LeBron James, Anthony Davis and Russell Westbrook have equaled average results for Lakers
Who knows if Frank Vogel finishes the season as coach of the Los Angeles Lakers.
That’s up to president of basketball operations Rob Pelinka and, by extension, owner Jeanie Buss, who recently told NBA.com, "Until we’re 100% healthy, I don’t think you can really make any judgment."
The Lakers are just average — by definition with a 14-13 record and by the eye test. They climbed back over .500 after Friday's 116-95 win against the Oklahoma City Thunder. They had dropped below .500 with Thursday’s 108-95 loss to the Memphis Grizzlies, who were without injured star Ja Morant. That’s a great sign for the upstart Grizzlies but not good for the Lakers, who are sixth place in the Western Conference.
Vogel, who signed an extension in the offseason through 2022-23 and, by the way, coached the Lakers to the 2020 title, said earlier this week he wasn’t focused on job security, and LeBron James offered a standard, "Criticism comes with the job, you know?"
"Frank is a strong-minded guy," James told reporters. "He has a great coaching staff. And we as his players have to do a better job of going out and producing on the floor. We’re a team and an organization that don’t mind some adversity, that don’t mind people saying things about us, obviously, because it comes with the territory."
With a $151 million roster and three players — LeBron James, Russell Westbrook and Anthony Davis — taking up $120.7 million, the coach is often the one who is the scapegoat.
Regardless if Vogel is fired, the Lakers’ problems go beyond coaching, a sentiment shared by multiple scouts who talked to USA TODAY Sports under anonymity because they were not authorized by their teams to speak publicly about the Lakers.
Roster construction is the biggest problem. In the offseason, the Lakers added Westbrook and traded Montrezl Harrell, Kyle Kuzma and Kentavious Caldwell-Pope in a five-team deal. They also lost Alex Caruso to Chicago in free agency.
The Lakers are No. 23 in offensive rating, No. 15 in defensive rating and 23rd in net rating, giving up 1.6 more points per 100 possessions than they score. They are 24th in turnover percentage and middle of the league in shooting and rebounding.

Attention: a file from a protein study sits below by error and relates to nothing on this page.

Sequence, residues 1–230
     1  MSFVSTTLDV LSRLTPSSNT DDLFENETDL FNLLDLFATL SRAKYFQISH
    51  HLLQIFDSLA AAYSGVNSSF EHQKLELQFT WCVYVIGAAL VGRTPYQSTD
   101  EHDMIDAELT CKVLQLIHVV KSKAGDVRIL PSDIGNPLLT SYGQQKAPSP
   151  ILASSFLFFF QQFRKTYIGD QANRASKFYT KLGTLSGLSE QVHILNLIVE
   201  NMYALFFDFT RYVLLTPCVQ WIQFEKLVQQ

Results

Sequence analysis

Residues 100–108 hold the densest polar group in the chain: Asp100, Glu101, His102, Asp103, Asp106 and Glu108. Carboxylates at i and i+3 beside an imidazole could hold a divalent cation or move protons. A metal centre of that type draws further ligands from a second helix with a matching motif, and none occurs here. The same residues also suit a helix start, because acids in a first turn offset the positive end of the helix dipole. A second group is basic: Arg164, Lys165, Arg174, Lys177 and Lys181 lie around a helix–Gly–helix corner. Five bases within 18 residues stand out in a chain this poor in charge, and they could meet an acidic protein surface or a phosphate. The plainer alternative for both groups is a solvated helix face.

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Shooting, especially on 3-pointers, is a concern. The Lakers are 15th in 3-point shooting percentage, but 22nd in 3s made per game. They compensate for that with strong shooting inside the arc.
Davis’ numbers look fine on the surface at 24 points and 10.2 rebounds a game and 52.3% shooting from the field. But he’s shooting 19.2% on 3s, his lowest percentage in seven seasons, and is shooting 10 percentage points lower on shots inside the paint (non-restricted area) than he did last season. The Lakers also allow more points than they score per 100 possessions with Davis on the court.
Westbrook has been Russell Westbrook — gifted and entertaining with his energy, rebounding, passing and scoring but with average shooting. He’s not a difference-maker (yet) in this scenario.
James averages 25.5 points, 6.9 assists, 5.9 rebounds and 1.9 steals. His rebounds and assists are down compared to the past few seasons, but that’s not a surprise with Westbrook able to do both of things. Since James returned from an abdominal strain three weeks ago, he has scored 30 points four times with a triple-double and two double-doubles.
The Lakers still need James, who will turn 37 on Dec. 30, to carry them because Davis isn’t able to carry that responsibility right now.
This is a collective problem.
The Lakers have had one of the easier schedules to date, according to teamrankings.com, and one of the hardest remaining schedules, according to tankathon.com.
So what next?
Buss mentioned injuries, and yes, that is part of the equation. Early this week, the Lakers were second, behind only Orlando, in player games missed to injury at 96. James missed 10 games (one to suspension), Talen Horton-Tucker 13 games, and Kendrick Nunn and Trevor Ariza have yet to play this season.
The Lakers don’t have one five-man lineup that has played more than 53 minutes, and that lineup doesn’t include James. For perspective, Phoenix’s most-used lineup has played 292 minutes.
Los Angeles has used 12 different starting lineups with a roster of 12 new players, so it’s not unusual to call for some patience, as Buss did.
But the next 4-8 weeks will determine what kind of changes the Lakers make headed into the Feb. 10 trade deadline.
Maybe it’s a coaching change or a roster shakeup or both. But the status quo is not the answer with Golden State and Phoenix ruling the West.